1. Sarajevo was in Bosnia, the province that - to Serbia's anger - had been annexed by Austria-Hungary in 1908.

"That day - 28 June 1914 - was also Serbia's National Day. Franz Ferdinand's visit was a direct insult to the Serbs."(73)

The BBC may have managed to appease the Russian alliance, but was less convincing at condemming the regicide. Why did British newspapers fancy that sort of coverage would help maintain a European peace? By writing in a somewhat distaff and inflammatory way, Britain may have avoided angering Russia, but at the risk of angering Austria instead. And Germany was Austria-Hungary's ally. So how clever was that?

British newspaper coverage may have angered Germany as well. It was one of Britain's worst mistakes at the very beginning of the July 1914 Crisis. To hope to avoid angering an ally by mightly struggling to avoid condemming a regicide put a chokehold on British credibility/claims of impartiality. It was almost as if Britain had given Russia a "blank check" to do whatever it or it's protectorate state Serbia wanted.

The British newspaper, the Telegraph, to its everlasting credit, wrote, “We can only say that in this country we are all united in a common feeling of sorrow for the bereaved sufferers and of detestation for a cowardly murder which has shocked the conscience of the whole world.”

However, on June 29, 2014 the Telegraph notes:

"Yet, despite some fears - 'the consequences of the outrage may, it is feared here, be many and perilous' comes the report from Paris - there is little in the Telegraph’s extensive coverage...to suggest this might be the outcome."(74)

The strategy of the British newspapers seemed to be to loudly but very briefly condemm the regicide, and then, to avoid angering Russia, consign the story to the middle or back pages. It was London's way of trying to localize the effects of the regicide. By the end of July even London was beginning to realize that attempting to appease Russia at the expense of angering Austria-Hungary and Germany was maybe not its "finest hour."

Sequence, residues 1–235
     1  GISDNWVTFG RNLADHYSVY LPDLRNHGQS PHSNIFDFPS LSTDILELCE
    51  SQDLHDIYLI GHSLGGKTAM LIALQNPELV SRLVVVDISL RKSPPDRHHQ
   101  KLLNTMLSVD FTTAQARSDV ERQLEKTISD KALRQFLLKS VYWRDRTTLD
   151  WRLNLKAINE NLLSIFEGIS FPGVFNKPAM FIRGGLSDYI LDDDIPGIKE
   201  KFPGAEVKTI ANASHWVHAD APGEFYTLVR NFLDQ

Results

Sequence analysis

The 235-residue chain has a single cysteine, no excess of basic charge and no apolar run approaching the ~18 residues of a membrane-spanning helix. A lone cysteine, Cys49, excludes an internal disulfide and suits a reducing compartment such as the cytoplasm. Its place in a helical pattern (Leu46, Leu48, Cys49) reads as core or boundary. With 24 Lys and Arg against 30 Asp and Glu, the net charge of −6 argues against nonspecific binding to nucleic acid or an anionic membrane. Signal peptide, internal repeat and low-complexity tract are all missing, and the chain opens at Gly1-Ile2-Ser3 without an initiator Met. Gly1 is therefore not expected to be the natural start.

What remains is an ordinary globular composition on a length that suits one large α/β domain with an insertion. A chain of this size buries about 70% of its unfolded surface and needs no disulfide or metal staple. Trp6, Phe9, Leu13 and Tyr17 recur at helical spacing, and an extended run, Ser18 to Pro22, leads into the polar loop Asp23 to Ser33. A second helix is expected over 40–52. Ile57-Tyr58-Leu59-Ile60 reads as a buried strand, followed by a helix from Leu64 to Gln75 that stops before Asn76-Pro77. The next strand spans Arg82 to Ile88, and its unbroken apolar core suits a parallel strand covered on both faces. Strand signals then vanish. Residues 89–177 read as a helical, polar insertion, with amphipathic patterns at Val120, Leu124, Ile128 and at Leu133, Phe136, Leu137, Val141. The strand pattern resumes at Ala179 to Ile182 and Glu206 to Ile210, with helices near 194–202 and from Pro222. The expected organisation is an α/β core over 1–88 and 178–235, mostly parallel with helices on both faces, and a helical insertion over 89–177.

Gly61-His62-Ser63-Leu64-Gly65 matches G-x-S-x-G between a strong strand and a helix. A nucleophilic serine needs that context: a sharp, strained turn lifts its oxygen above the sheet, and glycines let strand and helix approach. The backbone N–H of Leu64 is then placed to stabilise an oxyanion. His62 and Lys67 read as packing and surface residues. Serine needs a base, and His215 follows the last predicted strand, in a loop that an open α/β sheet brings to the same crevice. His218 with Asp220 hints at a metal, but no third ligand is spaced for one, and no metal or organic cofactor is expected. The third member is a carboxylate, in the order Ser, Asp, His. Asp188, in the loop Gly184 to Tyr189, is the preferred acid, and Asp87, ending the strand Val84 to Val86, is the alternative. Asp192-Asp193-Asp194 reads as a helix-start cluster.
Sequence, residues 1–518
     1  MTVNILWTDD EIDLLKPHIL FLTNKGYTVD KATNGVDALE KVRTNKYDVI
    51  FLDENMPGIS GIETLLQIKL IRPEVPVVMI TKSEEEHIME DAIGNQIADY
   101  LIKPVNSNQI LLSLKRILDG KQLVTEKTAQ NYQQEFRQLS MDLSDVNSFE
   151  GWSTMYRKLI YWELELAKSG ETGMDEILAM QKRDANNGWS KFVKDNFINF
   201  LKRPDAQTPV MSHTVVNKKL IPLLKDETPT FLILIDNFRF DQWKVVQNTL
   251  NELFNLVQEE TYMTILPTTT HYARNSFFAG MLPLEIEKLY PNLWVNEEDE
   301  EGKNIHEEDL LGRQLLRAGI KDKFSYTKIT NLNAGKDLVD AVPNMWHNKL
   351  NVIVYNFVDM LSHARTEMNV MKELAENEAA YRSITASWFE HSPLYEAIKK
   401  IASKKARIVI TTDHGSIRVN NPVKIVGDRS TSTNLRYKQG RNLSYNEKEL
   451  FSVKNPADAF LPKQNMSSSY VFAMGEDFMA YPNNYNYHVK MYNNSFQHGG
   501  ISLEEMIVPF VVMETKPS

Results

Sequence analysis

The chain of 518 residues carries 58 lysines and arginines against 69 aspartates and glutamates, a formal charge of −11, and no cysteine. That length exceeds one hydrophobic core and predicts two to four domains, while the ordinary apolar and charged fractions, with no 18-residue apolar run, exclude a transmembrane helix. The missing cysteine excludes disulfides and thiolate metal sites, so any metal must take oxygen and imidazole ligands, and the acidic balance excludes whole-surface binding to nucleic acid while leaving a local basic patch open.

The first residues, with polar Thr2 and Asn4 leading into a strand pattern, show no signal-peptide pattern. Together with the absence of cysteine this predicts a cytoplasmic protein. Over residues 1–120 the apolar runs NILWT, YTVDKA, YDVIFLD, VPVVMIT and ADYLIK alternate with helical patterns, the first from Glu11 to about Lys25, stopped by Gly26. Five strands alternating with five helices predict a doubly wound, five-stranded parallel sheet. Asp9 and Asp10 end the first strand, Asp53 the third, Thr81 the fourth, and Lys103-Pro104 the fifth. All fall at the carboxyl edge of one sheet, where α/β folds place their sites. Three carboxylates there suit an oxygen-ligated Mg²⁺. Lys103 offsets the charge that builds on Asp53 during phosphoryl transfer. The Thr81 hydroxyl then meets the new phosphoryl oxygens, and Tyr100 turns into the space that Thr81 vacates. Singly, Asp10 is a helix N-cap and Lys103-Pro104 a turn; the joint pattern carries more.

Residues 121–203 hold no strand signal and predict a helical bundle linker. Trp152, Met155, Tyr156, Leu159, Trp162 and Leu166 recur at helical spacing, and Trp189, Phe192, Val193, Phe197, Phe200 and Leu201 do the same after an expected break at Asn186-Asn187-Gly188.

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  • Delayed reaction of British gov't officials to the June 28th regicide:

In receipt of the June 28th news, Sir Eyre Crowe, British Assistant Undersecretary of State for Foreign Affairs, found himself unable to get a grip on the European situation for a solid month. His eyes fixed on next-door Ulster, Crowe waited until July 27th to send Grey a memo warning him about a "action-reaction" mobilization cycle across the channel.

An action reaction cycle is when one side mobilizes its military and as a defensive response the other side mobilizes it's military. This action-reaction cycle has been a problem since the invention of nation states and standing armies in proximity. The problem is that offensive mobilizations can appear virtually identical to defensive mobilizations. Then one side (or more) can say their mobilization is purely defensive when in fact they are mobilizing to attack.

The more sober-minded mandarins at Whitehall really should have known decades before, if not centuries before, that mobilization action-reaction cycles were a present and permanent danger anywhere there are 2 or more opposed states with standing armies in proximity. Instead Crowe tries to characterize it as something intrinsic to Austria, as if he was hoping he would not be seen as waking up a month too late to the danger:

"I am afraid that the real difficulty to be overcome will be found in the question of mobilization. Austria is already mobilizing. This, if the war does come, is a serious menace to Russia, who cannot be expected to delay her own mobilization which, as it is, can only become effective in something like double the time required by Austria and Germany.

"If Russia mobilizes, we have been warned that Germany will do the same, and as German mobilization is directed almost entirely against France, the latter cannot possibly delay her own mobilization even for the fraction of a day. This however means that within 24 hours His Majesty's Government will be faced with the question whether, in a quarrel so imposed by Austria on an unwilling France, Great Britain will stand idly aside, or take sides."(75)

Exactly right. The only problem is Eyre Crowe waited for an entire month before warning the tennis champ about it. It was a capital blunder because by then the Austrian Ultimatum - a declaration of preventative war - had been sent already. From the June 28th news onwards, Grey and Crowe were men struggling to awaken from a very bad dream. The origin of the bad dream was Britain's insulation from the big reaction of Austria-Hungary to the June 28th news, and Russia's reaction to Austria-Hungary's reaction.